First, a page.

A bill introduced by Democratic Sen. Sherrod Brown and backed by his Republican counterpart, Sen. Rob Portman, would allow police departments to buy advanced equipment that can instantly detect fentanyl and other synthetic opioids.
The Providing Officers with Electronic Resources (POWER) Act, introduced this week, builds on the INTERDICT Act, federal legislation signed into law last year that provides U.S. Customers and Border Protection agents with handheld technology that can identify thousands of drug compounds, even within packages.
The bill would establish $20 million in grants through the U.S. Department of Justice for local law enforcement and sheriffs’ offices “so that when police officers stop someone with a substance and they don’t quite know what it is, they can test the substance with the handheld device rather than send it off to a lab and find out days later,” Mr. Brown said Friday in Toledo.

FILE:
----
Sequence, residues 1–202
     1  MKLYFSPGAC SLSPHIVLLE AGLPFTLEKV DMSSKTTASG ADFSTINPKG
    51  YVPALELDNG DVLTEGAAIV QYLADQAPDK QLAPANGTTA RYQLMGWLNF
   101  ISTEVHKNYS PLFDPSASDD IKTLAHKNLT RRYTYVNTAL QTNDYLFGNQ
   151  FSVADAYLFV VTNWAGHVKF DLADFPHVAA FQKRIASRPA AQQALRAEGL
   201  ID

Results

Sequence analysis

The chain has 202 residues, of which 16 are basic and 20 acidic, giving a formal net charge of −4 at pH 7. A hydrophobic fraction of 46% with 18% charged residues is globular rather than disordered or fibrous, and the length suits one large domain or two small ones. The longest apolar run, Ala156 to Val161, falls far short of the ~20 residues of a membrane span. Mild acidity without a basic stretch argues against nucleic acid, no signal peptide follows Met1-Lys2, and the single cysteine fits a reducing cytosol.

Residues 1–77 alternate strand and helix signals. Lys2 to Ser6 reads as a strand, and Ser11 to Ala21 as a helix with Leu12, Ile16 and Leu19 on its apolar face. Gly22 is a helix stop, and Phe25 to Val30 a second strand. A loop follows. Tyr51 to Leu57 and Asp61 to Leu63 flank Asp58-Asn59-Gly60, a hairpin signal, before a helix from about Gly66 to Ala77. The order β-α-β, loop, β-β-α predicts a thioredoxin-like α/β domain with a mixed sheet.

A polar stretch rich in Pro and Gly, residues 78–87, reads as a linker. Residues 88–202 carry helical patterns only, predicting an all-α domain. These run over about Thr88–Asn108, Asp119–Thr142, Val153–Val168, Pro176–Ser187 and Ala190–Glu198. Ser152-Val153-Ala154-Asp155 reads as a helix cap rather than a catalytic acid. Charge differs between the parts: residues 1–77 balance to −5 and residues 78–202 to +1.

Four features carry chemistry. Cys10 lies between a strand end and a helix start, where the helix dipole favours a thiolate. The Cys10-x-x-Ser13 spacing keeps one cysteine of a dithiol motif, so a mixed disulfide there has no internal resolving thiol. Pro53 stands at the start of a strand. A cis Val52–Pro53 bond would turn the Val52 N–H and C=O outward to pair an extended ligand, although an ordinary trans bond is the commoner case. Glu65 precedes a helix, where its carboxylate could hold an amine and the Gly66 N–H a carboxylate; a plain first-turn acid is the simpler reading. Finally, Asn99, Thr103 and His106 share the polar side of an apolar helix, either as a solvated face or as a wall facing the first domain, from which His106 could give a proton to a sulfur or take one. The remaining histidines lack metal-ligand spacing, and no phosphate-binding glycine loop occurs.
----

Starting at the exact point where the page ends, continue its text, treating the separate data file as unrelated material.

The senator was joined by Mayor Wade Kapszukiewicz and Lucas County Sheriff John Tharp during a news conference to promote the legislation, which has bipartisan support. Mr. Tharp said if it passes, he would apply for grant funding for Lucas County, where 153 people died of drug overdoses in 2017.
The devices would help officers accurately charge offenders based on the type of drugs possessed, he said, as well as protect officers handling unknown and dangerous substances.
“Old school is that the officer carries a small kit ... they would put the substance in the small kit, shake it up, and if it turns purple then it would be cocaine,” Mr. Tharp said. “But then you’re touching the substance. And we know that carfentanil, if you have a wound in your hand, that carfentanil ends up going into the wound and it can put you in the hospital.”
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